Providers, vendors seek to make advance directives easily accessible

Digital efforts are falling short when it comes to advance directives for patients, but changes are slowly being seen in the industry when it comes to communication of this vital information.

Documents can often go missing when they are kept in physical form, according to a report from USA Today, but electronic health records systems have not made the process any smoother.

One of the biggest issues, the report notes, is a lack of interoperability of record systems. If a provider uses a different EHR than an emergency room, an order like "do-not-resuscitate" may not transfer over.

In addition, older patients often bounce from one specialist to another, increasing the chance that systems don't connect, Irene Hamrick, M.D., who directs geriatric services in family medicine at the University of Wisconsin-Madison, tells USA Today.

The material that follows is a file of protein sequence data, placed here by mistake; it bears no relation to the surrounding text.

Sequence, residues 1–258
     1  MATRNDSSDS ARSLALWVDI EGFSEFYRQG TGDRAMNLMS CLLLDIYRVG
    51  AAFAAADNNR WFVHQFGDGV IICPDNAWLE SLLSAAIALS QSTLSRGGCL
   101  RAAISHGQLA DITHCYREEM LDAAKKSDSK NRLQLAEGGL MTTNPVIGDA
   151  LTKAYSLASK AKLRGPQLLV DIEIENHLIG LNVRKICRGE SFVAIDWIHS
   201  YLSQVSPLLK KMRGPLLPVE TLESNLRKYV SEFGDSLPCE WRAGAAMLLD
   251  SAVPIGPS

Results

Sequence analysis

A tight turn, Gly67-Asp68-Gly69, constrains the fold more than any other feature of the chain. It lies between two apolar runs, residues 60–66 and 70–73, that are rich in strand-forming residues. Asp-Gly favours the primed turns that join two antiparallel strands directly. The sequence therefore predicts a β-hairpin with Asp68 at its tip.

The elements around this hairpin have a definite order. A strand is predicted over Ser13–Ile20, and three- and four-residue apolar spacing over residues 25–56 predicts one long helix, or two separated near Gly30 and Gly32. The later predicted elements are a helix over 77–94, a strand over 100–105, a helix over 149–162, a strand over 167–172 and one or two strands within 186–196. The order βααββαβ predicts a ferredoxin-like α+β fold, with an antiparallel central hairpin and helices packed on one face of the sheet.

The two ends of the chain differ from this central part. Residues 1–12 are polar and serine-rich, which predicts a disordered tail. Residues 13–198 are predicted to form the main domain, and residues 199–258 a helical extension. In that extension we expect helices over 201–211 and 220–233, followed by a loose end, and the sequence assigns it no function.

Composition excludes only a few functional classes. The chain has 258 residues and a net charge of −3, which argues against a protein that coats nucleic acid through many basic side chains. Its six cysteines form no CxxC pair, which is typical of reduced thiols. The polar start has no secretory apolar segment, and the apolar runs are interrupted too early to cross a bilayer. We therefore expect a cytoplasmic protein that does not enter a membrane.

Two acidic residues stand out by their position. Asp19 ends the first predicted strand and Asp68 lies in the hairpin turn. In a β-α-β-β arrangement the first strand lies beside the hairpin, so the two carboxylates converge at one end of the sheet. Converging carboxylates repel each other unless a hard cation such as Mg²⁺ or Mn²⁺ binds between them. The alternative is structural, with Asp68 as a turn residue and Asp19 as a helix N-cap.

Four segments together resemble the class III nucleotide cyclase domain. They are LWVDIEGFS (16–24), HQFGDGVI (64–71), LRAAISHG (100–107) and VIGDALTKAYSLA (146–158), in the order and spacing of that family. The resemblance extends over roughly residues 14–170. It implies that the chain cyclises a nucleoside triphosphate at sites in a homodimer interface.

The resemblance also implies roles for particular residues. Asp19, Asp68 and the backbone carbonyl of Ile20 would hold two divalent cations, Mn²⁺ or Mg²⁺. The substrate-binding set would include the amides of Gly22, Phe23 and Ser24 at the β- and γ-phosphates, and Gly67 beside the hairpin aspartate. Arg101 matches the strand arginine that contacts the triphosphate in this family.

Meaningful Use requires providers to record in EHRs whether patients 65 and older have an advanced directive. However, that's not overly helpful because it doesn't capture what the patient's actual preferences are, and doesn't require that the information be conveyed to other providers, Eva Powell, director of health IT programs for the National Partnership for Women and Families, told FierceEMR in November 2012.

However, developers, providers and even lawmakers are vying for better functionality, USA Today finds.

EHR vendor Epic has added a tab to indicate if there is an advance directive on file, and Cerner's vice president of interoperability Bob Robke says in the article that advance care planning "is an important issue we're tackling."

In addition, lawmakers are looking at legislation that would require directives be easily accessible across EHRs; and providers, such as Oregon Health & Science University, are making revisions to in-house software to make directives easy to find.

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